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The risk of crime and a need for peace of mind sees many small businesses investing in low-cost CCTV systems. The reduction in size of security cameras, and the rise in smart monitoring systems, means that anyone can install a camera on their property to monitor a busy location, a high risk area like the counter or till, or a likely access point.
Equipped with infra-red night vision, motion detection, and a HD camera to capture events, a single camera can cost from around £50 to £199, and help provide peace of mind for small business owners. Clusters of cameras with local recording features cost from around £150. These can help cover all essential points for a business with minimum installation, and can be as high profile or as easy-to-conceal as needed.
For wider surveillance, CCTV cameras can be installed inside or outdoors, these can be placed focused on entry points, or to monitor a room. Most units are fixed, but have wide angle lenses up to around 130 degrees. Even so, you need to install or point them in the right direction. Most are mains powered, so require a power point, but a few models offer battery power so you can hide them almost anywhere for extended periods of time, just remember to change the batteries.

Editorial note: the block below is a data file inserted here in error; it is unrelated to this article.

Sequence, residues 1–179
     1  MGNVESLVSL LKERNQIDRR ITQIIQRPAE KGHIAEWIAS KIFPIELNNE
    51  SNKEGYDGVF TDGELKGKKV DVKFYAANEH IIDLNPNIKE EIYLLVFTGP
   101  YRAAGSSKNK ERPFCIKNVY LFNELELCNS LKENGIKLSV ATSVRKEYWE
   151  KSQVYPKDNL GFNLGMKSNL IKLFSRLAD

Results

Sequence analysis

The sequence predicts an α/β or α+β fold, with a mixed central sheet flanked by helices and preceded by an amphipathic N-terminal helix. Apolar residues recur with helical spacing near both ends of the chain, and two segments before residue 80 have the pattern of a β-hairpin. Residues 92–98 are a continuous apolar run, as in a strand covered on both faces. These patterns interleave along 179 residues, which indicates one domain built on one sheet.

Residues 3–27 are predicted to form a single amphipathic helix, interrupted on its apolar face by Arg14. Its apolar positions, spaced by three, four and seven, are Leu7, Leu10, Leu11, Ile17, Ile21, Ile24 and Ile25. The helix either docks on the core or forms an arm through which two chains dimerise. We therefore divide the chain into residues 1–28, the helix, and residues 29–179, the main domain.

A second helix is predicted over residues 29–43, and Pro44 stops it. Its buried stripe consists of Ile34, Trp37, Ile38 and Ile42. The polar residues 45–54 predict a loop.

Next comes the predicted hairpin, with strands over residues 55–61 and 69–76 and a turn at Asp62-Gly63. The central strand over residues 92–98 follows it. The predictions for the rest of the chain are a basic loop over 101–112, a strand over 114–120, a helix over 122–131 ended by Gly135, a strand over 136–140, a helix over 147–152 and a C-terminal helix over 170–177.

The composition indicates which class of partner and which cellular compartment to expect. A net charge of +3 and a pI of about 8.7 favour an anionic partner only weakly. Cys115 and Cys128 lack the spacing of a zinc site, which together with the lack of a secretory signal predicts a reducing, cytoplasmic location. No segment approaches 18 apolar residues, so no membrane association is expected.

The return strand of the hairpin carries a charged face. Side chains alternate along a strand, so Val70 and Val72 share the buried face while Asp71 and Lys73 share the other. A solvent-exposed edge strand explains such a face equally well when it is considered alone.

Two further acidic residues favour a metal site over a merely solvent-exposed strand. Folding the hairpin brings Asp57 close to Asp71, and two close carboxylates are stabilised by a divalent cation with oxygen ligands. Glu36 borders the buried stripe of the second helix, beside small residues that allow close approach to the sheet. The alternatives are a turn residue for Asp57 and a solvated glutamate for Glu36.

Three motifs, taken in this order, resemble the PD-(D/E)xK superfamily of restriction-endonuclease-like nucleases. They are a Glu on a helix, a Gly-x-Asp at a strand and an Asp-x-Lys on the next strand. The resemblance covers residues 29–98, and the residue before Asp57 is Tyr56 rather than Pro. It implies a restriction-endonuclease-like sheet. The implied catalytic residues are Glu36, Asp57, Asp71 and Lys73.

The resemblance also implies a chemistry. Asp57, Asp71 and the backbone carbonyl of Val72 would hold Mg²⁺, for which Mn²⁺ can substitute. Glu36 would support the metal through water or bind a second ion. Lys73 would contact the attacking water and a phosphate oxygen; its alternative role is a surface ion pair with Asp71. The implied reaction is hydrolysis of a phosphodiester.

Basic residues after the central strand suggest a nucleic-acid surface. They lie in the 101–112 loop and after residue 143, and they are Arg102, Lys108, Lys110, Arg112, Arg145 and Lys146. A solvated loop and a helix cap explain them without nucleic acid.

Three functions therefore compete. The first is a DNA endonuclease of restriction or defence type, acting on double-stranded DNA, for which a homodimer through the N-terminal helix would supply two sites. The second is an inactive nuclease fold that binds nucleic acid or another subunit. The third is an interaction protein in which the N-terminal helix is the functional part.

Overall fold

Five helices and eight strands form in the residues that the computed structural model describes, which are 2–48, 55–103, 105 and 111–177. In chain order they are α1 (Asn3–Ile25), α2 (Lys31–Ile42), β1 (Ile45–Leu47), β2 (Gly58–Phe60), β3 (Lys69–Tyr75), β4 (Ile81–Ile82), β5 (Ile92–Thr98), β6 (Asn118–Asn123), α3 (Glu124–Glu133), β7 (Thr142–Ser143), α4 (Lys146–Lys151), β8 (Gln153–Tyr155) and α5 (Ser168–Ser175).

More expensive models have rotating surveillance cameras to monitor a wider area. They use 360-degree microwave sensors to monitor movement, and can then point the camera in the area of any activity. If you require finer control of the cameras, for example if you have staff on hand to monitor the system, then higher-end systems come with units that can be controlled from a PC or mobile app.
The majority of business class CCTV devices store their footage locally. However, sending that data to a cloud internet service is increasingly popular. Often, storage is free for a limited time, but if you want to keep the footage for longer, you will have to pay a subscription. Most smart CCTV devices will send the user an alert to their smartphone when motion is detected. An app can let users set up times when the camera is operating, and the alerts can be fine-tuned to stop detecting a pet moving around or shifting shadows causing false alarms. A few devices, often waterproof for outdoor use, come with the ability to record footage locally, to an SD card, this means they don't need to be near a WiFi access point, which can help cover areas like those at the far end of a large business, or out by a storage area, car park, garage or shed.
If one camera isn't enough, several makers offer systems that can be purchased with multiple cameras, helping reduce the cost, and allowing for coverage of a wider area, or multiple offices or rooms. These systems can provide area coverage, alerting workers when there is potential trouble at the other end of a larger premises. CCTV solutions now come in many guises, depending on your need to protect a business premises or the home. Modern door bells come with a monitoring camera, plus a microphone and speaker built in, so you can use them to communicate with delivery people or visitors while out, or if you don't want to answer the door, you can still see who is there.
Whatever your CCTV needs, there are solutions for all use cases, with prices falling rapidly making it more affordable to protect home or business.